Ok, so I didn't do much packing today. I recorded a double-CD thinge with Braxton that's going to be released, um, maybe next year some time. Apparently, I'll be getting money for this. I said, "I'm only in this for the coins." but that's not true. Getting coins from music is just gravy. Andrew Dewar did the recording.
So now I'm an avant-garde tuba player. It was making me nervous playing in front of andrew, because he plays a lot more than I do and I'm always comparing myself to everybody else here. I'm going to spend my summer practicing scales, so I can figure out what notes to play much faster instead of going for random. Also, I think I rely on didjeridoo textures too much or rather, I don't have enough variations in my textures. I'm not sure. Anyway, so it made me nervous. I was gripping my horn with a death grip in my left hand. After the first set, my hand was numb. Yeah, my left hand doesn't do anything but steady the horn. thing #2 to practice is having a loser grip.
So hours of playing tuba is kind of exhausting. I was playing some stuff that was kind of physically intense and loud and it's pretty draining. I love the tuba because of it's physicality. I really feel connected to my horn, more like I think a vocalist feels about her or his voice than a guitarist might feel about her axe. Like, there are some low notes that I play that actually rattle my eyeballs. Everything gets blurry when I play them. It kind of shakes my whole head all the time actually and makes my nose itch from the vibration. This is probably bad for me somehow, alas. The medical profession always views the tuba with suspicion. Bah. It doesn't hurt my wrist at all though, except when I hold the thumb trigger down, I learned today. I felt like I was playing too much in C, because that's my open note, so I was holding down the thumb trigger to change my key. I don't recall what note the trigger plays.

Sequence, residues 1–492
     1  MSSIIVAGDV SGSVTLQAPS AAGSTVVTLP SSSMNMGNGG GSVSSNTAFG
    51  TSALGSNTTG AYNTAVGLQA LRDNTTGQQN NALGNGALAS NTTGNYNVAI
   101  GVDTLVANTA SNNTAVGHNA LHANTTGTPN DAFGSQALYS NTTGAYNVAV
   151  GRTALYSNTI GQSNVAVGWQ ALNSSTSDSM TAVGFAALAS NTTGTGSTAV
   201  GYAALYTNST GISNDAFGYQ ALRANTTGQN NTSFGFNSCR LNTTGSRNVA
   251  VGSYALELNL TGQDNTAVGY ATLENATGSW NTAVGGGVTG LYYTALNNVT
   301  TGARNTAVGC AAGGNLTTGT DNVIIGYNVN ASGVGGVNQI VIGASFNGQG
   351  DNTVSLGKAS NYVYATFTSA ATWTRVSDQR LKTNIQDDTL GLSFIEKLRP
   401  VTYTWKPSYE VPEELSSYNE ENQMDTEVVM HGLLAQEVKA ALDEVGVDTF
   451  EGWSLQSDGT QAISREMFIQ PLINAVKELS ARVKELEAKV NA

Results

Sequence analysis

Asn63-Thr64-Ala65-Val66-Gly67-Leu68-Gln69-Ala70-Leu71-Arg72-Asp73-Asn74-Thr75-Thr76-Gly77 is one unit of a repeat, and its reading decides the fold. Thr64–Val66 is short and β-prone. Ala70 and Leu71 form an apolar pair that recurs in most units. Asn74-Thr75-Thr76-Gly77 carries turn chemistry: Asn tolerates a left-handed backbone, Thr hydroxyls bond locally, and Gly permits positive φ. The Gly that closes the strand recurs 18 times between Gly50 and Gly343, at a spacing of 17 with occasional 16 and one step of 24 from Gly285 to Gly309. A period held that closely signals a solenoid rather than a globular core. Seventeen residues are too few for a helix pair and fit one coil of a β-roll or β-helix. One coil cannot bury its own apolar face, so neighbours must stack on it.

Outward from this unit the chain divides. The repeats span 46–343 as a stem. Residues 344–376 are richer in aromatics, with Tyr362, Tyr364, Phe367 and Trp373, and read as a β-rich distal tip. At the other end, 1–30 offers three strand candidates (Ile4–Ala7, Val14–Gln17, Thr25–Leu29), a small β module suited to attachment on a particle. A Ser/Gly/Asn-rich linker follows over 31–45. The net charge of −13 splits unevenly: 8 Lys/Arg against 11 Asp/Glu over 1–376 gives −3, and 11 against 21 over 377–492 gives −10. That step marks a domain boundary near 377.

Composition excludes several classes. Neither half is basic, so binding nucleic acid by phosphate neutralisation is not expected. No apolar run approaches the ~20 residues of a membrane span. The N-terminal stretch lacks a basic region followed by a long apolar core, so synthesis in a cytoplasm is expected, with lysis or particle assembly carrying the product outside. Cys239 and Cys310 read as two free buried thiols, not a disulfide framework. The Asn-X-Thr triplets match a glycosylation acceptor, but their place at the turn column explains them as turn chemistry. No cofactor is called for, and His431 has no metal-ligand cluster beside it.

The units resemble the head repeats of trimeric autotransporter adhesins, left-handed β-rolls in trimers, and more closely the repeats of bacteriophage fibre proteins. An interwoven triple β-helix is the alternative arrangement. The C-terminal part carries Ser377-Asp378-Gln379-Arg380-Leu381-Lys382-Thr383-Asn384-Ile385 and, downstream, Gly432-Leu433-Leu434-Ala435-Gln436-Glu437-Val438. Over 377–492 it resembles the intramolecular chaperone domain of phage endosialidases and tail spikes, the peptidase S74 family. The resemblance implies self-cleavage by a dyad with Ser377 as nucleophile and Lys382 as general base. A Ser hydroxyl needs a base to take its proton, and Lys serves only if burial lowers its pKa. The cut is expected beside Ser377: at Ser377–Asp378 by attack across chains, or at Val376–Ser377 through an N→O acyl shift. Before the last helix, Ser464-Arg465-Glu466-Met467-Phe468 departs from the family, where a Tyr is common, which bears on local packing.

So near the end, I guess I was hitting my fourth valve too hard because the paddle came loose from the rotor. I'm into the half valving thing, but it's kind of inconvenient having the rotor move on it's own. I cursed during taping. Alas. I also sniffled a few times because of my poor vibrated nose. The bit driver on my pocket knife is exactly the right size for screwing my tuba back together. It can also dismantle/remantle a mac laptop.
When I play with Braxton, I try to use forms from his music, like ideas from ghost trance or language musics. In general, playing with somebody I try to treat it like the game "Set." I try to do what they're doing or do the opposite of what they're doing. Like if he's playing something high, fast and quiet on the soprano sax, I can't do high or fast, so I do low and sustained, but I can do quiet, so I do. If somebody's playing some phrases, I might echo them, but I end up with oddball notes, so it's like I'm parodying them. I don't know if this is a good thing or a bad thing. When I think of playing this way, I think of "Complement or Contrast." If I'm doing the same ideas, that's complement and if I'm doing the opposite, that's contrast. I want to sound like I'm playing with the other person even if it's a weird combo, like a high pitched saxophone or a clarinet or a flute.
so exhausted. . .